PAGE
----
Lohri in Punjab: People celebrate by distributing sweets and engaging in community folk songs. Celebrations include dancing around a bonfire to pay tribute to the fire God.

Pongal in Tamil Nadu: Observed to thank nature for its bounty, Pongal is celebrated across South India with home decorations and traditional rice pudding preparations.

Sakkarai Pongal, made with sweetened rice, dal, and coconut, is considered an auspicious dish

Sakkarai Pongal, made with sweetened rice, dal, and coconut, is considered an auspicious dish

Bhogali Bihu in Assam: Paying respect to elders, praying to the fire God, and feasting is how people in Assam celebrate this annual festival.

Holi
(12th March)

Foreigners across the globe are also familiar with the colourful festival of Holi, which is an indication of how popular this annual Indian festival is. As per the Hindu calendar, Holi is celebrated on the last full moon day of the month called Phalgun – according to the Gregorian calendar, this falls sometime in the month of March.

Holi is celebrated in different ways in different states, but playing with colours is a common sight

Holi is celebrated in different ways in different states, but playing with colours is a common sight

Holi not only marks the arrival of spring, but is also a time when people celebrate the triumph of good over evil by burning a bonfire called Holika. This is most often a community celebration. Celebrated all over the country, in different ways, Holi brings together people of different communities and even religions. Everyone gets together to douse each other in colours and share traditional sweets. This festival marks an excellent time to travel as per the Hindu calendar.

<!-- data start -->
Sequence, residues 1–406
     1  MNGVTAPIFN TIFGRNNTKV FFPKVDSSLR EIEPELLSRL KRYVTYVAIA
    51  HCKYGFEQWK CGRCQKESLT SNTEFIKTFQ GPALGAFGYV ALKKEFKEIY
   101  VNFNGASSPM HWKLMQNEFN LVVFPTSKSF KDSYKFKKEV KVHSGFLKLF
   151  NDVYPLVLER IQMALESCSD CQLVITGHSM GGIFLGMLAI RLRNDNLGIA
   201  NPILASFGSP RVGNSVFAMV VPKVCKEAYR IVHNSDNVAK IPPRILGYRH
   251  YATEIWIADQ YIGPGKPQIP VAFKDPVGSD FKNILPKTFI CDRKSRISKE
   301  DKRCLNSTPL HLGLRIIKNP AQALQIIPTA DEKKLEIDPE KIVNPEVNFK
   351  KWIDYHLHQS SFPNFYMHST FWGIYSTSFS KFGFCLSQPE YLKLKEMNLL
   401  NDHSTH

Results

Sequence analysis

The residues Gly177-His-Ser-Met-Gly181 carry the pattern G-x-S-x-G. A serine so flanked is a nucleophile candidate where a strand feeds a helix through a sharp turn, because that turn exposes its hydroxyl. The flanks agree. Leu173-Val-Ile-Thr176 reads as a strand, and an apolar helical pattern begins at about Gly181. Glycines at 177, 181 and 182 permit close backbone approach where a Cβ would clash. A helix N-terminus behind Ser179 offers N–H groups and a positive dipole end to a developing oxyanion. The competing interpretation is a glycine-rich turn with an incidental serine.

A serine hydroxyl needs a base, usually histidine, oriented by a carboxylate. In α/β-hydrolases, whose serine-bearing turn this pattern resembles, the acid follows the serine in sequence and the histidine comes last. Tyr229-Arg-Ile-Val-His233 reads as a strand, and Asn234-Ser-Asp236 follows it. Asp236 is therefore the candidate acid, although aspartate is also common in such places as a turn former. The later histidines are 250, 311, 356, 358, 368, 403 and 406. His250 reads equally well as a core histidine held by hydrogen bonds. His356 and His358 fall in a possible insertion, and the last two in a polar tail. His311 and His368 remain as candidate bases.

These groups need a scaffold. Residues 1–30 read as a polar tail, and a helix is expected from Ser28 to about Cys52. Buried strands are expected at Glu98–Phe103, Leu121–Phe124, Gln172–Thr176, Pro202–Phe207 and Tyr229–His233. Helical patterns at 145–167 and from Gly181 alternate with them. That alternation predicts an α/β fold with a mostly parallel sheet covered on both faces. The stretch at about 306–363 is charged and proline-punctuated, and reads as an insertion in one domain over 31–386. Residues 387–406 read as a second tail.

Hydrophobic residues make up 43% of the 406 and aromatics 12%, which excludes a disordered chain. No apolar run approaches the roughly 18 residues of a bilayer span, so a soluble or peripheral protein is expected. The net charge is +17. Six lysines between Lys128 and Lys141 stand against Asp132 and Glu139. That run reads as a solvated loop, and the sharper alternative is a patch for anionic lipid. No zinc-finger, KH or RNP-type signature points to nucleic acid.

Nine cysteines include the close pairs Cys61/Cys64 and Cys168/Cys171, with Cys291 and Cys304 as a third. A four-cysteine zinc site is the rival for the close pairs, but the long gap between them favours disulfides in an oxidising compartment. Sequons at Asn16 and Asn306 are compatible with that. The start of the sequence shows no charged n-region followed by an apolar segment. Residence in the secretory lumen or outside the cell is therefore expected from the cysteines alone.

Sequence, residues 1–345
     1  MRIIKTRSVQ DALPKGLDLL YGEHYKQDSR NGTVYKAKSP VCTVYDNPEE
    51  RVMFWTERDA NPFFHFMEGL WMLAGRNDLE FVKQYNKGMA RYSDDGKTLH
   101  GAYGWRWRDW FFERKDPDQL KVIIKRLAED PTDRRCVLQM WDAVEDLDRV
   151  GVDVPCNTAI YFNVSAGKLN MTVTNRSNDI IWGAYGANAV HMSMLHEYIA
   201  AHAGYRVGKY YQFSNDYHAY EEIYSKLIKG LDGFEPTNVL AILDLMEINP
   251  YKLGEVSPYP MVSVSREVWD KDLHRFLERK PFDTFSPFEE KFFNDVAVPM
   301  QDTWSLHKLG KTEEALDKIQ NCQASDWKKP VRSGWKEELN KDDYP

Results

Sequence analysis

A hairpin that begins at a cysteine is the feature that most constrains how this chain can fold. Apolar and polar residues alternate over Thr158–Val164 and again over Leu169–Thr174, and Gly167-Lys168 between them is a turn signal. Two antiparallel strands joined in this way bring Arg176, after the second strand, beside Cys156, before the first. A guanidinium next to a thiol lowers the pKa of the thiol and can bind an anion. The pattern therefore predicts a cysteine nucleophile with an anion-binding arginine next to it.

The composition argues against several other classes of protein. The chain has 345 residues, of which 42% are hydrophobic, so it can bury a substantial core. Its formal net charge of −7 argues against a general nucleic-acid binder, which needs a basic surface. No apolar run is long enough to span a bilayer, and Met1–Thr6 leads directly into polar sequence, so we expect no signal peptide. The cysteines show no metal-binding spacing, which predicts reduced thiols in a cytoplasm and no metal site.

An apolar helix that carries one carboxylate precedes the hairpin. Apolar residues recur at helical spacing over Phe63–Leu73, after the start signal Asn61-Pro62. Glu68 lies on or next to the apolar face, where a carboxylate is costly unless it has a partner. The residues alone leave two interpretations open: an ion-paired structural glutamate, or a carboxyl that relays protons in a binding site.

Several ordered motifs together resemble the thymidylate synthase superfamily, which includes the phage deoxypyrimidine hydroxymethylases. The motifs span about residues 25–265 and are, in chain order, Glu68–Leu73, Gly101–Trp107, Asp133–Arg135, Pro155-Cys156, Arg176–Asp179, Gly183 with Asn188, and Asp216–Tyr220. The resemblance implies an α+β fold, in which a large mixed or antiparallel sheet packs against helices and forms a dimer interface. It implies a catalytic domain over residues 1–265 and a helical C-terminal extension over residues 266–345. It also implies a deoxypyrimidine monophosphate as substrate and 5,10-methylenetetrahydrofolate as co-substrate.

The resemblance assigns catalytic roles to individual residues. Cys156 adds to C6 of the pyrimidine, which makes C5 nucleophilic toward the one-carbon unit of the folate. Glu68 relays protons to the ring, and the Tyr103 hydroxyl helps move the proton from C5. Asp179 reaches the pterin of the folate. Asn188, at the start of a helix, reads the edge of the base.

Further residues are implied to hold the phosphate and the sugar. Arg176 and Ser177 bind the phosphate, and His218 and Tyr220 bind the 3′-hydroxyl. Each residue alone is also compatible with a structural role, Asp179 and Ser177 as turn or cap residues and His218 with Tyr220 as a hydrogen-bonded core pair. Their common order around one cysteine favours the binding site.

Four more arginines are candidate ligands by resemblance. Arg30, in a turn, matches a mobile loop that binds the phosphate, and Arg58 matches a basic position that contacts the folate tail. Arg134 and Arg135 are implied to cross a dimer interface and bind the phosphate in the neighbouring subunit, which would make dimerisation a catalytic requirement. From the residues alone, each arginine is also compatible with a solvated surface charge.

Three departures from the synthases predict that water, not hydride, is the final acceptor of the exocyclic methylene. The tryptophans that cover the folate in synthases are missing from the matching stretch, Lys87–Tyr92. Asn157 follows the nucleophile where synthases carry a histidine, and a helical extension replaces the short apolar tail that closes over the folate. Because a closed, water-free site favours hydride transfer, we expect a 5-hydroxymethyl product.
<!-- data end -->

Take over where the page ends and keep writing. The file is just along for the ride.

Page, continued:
Gudi Padwa/Ugadi/Cheti Chand
(28th March)

In 2017, the dates, 28-29th March will be celebrated as GudiPadwa, Ugadi, and Cheti Chand by different communities. This day marks an auspicious time to travel.

Gudi Padwa: Celebrated in Maharashtra to herald the arrival of spring, this festival involves home decoration with rangoli and gudi (a decked pole with a silver or brass vessel over it), buying new clothes, and exchanging sweets.

Most Maharashtrian households place an adorned stick like this one at the entrance

Most Maharashtrian households place an adorned stick like this one at the entrance

Ugadi: Ugadi is celebrated as New Year’s in Karnataka and Andhra Pradesh with temple visits, special dishes, and clean, decorated houses.